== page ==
other students who had things in common."
South Asian-American students who apply to Ivy League
colleges are in many ways no different from other students applying to the
Ivies, says Steven Roy Goodman, president of Top Colleges in Washington, D.C.
Goodman recognizes there is often a disconnect between the desire for prestige
and the ability of students to achieve that prestige.
"This is more pronounced in the Indian community and to a
certain extent among Pakistanis," Goodman says. "Thereís [often] been
exponential growth in terms of the wealth and prestige of a family in just one
generation, and a tremendous expectation that an Ivy League college or a medical
degree will follow."
Goodman says students and parents show an overwhelming
interest in applying for combined BS/MD programs where undergraduate admission
guarantees admission to an institutionís medical school Ė assuming students
maintain a specified GPA.
At top schools these programs are highly selective. To be
admitted, Broughton says students need to be, "more than smart. The schools also
are looking for a level of sophistication and maturity."
Many South Asian-American parents think their childrenís
lives will be ruined if they donít get into one of the top 10 colleges,
Broughton says. But Corkery points out, "Just because a university has a good
reputation doesnít mean that itís the right one for you."
Whose Life Is This Anyway?
Unlike typical American teens, South Asian-American students
donít get into conflicts with their parents over colleges and career goals, says
Sonja Montiel, president of College Confidence in West Lake Village, Calif.
"The students have such a high level of discipline, respect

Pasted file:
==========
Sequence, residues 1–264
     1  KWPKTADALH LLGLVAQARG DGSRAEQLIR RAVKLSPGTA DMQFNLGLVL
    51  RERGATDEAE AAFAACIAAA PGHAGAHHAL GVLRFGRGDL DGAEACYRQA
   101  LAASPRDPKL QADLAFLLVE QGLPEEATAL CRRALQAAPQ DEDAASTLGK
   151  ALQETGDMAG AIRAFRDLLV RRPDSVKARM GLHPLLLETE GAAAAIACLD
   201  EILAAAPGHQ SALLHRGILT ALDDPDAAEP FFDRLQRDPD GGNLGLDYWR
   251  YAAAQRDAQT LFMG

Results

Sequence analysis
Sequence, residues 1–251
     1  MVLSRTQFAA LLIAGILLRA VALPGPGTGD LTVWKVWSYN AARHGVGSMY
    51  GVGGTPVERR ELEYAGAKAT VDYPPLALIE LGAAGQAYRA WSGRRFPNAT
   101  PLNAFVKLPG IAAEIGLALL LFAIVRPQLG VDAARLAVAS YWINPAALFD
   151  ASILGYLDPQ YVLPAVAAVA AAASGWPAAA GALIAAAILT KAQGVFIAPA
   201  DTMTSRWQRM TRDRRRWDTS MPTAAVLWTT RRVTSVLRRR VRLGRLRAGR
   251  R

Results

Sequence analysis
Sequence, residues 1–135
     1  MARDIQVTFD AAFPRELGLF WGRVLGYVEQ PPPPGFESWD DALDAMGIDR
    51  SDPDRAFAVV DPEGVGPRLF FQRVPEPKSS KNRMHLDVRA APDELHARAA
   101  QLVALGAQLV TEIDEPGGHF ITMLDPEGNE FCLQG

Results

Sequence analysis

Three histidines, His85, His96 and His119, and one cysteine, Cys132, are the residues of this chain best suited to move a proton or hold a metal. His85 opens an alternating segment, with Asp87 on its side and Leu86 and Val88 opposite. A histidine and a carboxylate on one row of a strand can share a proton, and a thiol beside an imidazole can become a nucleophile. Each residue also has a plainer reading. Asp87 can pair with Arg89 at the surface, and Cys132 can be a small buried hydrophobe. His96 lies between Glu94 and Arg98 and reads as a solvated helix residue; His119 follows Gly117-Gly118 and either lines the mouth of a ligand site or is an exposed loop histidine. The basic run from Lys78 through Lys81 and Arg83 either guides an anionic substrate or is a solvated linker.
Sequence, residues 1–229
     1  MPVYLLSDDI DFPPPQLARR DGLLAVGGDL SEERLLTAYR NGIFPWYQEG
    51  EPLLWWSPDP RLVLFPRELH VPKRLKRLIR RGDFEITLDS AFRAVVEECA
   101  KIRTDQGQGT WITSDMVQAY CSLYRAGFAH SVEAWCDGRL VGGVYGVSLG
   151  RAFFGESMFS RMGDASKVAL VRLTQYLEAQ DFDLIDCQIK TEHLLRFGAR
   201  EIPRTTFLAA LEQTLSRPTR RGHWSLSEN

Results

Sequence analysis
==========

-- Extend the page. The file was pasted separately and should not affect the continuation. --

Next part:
and trust that when the parent says, ĎThese schools are right, this is the
program he should be in,í the student agrees," Montiel says.
For instance, Nick Trivedi describes his parents as "Ö really
liberal for Indian parents." However Trivedi adds, "my dad always wanted one kid
to go to Stanford."
Trivedi admits he wasnít a big fan of Stanford. "I decided my
chances of getting in are unlikely, but itís just a few essays, so Iíll apply.
Why not make my dad happy?"
As for professional goals, parents often have more to say
than students, Taylor says. "When it comes down to it, itís really about what
the child wants also, but the child wants what mommy and daddy want. Heís been
brought up feeling that way."
Ketki Warudkar, 17, a senior at Irvine High School in Irvine,
Calif., has parents who work in what she calls, "hugely successful industries."
Her father works in computer science and her mother in biomedical engineering.
"They encouraged me to follow those careers and I agreed
because thereís nothing different I see that I want to do," Warudkar says.
Besides where to go and what to study, South Asian-American
students and their parents may face cultural challenges. For instance, the
concept of co-ed bathrooms is abhorrent to the vast majority of South Asian
families, Goodman says.
"Many of these families donít support the casual campus
atmosphere at a lot of American colleges," he says. "But they are often put in a
position in which their daughter is accepted to a selective university where the
family supports the academics but doesnít embrace the social situation."
Girls are more sheltered than boys. Boys are allowed to move
far away for school whereas girls are assumed to need a more protected
environment, a less urban setting and family members or close family friends
Sonia Kanjee, a 2006 graduate of Niles Township High School
North in Skokie, Ill., chose the University of Illinois at Urbana-Champaign,
just two hours from home, over the University of Miami in Florida. Of Pakistani
descent, sheís the first in her immediate family to go to college.
"My parents were very uncomfortable with me applying out of state," Kanjee
says. "They are still worried about bad habits I might pick up in college."